Firing-induced transformations in Copper Age ceramics from NE Romania
Ionescu, Corina; Hoeck, Volker
European Journal of Mineralogy Volume 23 Number 6 (2011), p. 937 - 958
published: Dec 1, 2011
ArtNo. ESP147052306009, Price: 29.00 €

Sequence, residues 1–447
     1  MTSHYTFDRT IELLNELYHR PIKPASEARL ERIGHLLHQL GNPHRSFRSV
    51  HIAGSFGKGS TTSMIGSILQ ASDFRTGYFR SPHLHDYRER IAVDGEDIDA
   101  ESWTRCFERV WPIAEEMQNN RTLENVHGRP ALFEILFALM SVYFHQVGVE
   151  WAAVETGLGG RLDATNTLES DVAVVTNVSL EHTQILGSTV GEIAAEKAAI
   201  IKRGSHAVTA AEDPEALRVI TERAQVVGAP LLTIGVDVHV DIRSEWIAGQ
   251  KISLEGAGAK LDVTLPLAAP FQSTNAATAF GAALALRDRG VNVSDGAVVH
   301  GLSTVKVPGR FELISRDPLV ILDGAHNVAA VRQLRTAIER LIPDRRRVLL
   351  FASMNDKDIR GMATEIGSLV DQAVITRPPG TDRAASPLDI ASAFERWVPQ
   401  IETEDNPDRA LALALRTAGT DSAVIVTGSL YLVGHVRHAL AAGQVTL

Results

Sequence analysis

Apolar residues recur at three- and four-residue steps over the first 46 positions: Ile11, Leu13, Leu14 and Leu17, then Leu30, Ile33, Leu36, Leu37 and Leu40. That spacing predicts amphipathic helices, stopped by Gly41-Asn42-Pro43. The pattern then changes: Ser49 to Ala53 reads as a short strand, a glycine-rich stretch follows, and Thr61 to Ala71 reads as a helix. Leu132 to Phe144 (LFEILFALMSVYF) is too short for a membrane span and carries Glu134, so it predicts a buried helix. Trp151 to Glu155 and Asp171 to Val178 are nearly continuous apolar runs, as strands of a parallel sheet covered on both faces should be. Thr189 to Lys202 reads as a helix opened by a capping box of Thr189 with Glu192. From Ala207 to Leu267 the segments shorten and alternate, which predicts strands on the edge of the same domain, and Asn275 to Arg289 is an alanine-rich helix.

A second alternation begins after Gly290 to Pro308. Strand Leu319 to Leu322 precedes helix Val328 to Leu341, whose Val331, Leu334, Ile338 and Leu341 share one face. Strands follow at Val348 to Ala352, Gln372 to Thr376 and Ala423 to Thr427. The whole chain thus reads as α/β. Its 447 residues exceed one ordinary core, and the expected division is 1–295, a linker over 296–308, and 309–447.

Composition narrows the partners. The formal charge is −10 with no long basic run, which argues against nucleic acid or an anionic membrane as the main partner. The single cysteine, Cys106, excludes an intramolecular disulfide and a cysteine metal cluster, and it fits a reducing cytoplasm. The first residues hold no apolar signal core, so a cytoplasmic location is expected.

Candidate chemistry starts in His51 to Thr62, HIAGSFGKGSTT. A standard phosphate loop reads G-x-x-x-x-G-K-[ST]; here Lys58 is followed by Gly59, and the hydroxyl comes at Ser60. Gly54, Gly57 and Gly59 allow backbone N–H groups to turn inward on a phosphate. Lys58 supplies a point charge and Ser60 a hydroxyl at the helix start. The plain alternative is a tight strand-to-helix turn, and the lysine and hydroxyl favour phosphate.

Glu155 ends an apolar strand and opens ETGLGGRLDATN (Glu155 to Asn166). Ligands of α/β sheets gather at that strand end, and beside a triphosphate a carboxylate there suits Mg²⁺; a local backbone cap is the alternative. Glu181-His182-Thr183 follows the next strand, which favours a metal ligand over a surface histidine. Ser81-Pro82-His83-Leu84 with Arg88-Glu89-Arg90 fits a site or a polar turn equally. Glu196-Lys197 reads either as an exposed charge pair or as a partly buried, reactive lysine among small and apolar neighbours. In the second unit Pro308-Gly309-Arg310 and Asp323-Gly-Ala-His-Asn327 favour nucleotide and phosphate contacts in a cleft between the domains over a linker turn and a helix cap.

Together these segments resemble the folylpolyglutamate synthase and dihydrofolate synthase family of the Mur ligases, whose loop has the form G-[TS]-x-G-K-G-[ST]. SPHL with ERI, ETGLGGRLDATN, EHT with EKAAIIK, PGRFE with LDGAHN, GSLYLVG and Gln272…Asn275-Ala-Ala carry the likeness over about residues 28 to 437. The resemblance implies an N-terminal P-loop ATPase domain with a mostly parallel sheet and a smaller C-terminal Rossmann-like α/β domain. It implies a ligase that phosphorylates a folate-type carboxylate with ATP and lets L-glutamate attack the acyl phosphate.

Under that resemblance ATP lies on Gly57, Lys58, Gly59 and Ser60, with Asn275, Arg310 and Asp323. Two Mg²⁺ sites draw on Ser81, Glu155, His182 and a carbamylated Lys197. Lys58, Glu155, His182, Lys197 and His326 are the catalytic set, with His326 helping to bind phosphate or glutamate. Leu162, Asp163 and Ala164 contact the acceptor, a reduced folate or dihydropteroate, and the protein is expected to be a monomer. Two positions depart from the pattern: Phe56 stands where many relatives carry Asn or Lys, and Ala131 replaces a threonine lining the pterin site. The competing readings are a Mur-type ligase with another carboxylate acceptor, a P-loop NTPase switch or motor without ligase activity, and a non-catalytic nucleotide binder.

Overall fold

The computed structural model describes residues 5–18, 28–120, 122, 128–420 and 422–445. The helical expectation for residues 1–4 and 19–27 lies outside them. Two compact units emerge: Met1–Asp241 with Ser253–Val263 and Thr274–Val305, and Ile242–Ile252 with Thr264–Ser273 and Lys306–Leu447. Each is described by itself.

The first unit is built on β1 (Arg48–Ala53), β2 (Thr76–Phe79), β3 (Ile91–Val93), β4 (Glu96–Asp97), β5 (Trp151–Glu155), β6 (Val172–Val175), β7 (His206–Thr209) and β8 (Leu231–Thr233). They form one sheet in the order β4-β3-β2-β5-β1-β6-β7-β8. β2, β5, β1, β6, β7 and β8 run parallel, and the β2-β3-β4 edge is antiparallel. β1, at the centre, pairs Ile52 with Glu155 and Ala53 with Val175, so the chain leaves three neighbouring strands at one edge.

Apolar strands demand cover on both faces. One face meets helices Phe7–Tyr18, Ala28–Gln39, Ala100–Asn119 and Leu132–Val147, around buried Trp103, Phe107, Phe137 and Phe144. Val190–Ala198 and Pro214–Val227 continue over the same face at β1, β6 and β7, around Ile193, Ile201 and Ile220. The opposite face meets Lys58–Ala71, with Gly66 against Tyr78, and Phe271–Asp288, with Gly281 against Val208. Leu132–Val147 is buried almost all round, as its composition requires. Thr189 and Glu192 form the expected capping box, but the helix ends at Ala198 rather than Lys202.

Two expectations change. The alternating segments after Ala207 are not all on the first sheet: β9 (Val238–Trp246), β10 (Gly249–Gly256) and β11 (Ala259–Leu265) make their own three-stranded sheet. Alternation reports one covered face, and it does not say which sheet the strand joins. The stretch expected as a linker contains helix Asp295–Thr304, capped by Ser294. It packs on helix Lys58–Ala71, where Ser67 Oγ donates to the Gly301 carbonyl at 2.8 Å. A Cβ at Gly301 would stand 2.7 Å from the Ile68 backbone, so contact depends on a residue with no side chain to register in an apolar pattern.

The Copper Age Cucuteni-Tripolye (Trypillian) Cultural Complex extended from central and northern present-day Romania to the east, into Moldavia and Ukraine. Elegant-shaped light red to orange pots, painted with white, dark red and brown-black geometric patterns are characteristic of this culture. We studied 46 potsherds from Ruginoasa, 60 km west of Iaşi (Romania) in terms of mineralogy and petrography. Polarized-light microscopy shows a red, porous body, with fine to semifine microstructure and more or less oriented microtexture. The ceramic consists of a microcrystalline to amorphous/vitreous matrix and non-plastic clasts e.g. quartz, plagioclase, K-feldspar, muscovite, some chloritized biotite, heavy minerals and various lithoclasts, including calcareous ones. Backscattered electron (BSE) images revealed, in addition to large non-plastic clasts, a highly inhomogeneous and porous matrix, consisting of fine-grained clasts of quartz, feldspar and muscovite, some CaAl silicates and glass, all embedded in a fine-grained mass of clay minerals. Electron microprobe analyses (EMPA) indicate that several processes took place on a small scale during the firing. Upon softening and possible partial melting, quartz rims incorporate variable amounts of Al, K, Fe, Mg, Na, Ca and Ti. The alkali feldspar ranges from pure K-feldspar to albite, including anorthoclase. Plagioclases are rare. Several unusual compositions that plot in the feldspar immiscibility domain point to newly-formed phases. Frequently, former clasts of albite or plagioclase are replaced by K- or NaK-feldspars at the rims or inside the grains. Muscovite ranges from Al-rich composition to Si-rich phengite and is locally partially melted. The clay-rich part of the matrix is characterized by a loss of K and incorporation of Ca leading to compounds between K-illite and a hypothetical Ca-illite. The transformation processes, assisted by a fluid phase, indicate a temperature interval between 850 °C and 950 °C for the firing. Our results show that the thermal reactions did not reach equilibrium, most likely due to the short time of firing. At a small scale the resultant material consists of an inhomogeneous mix of various micro-domains.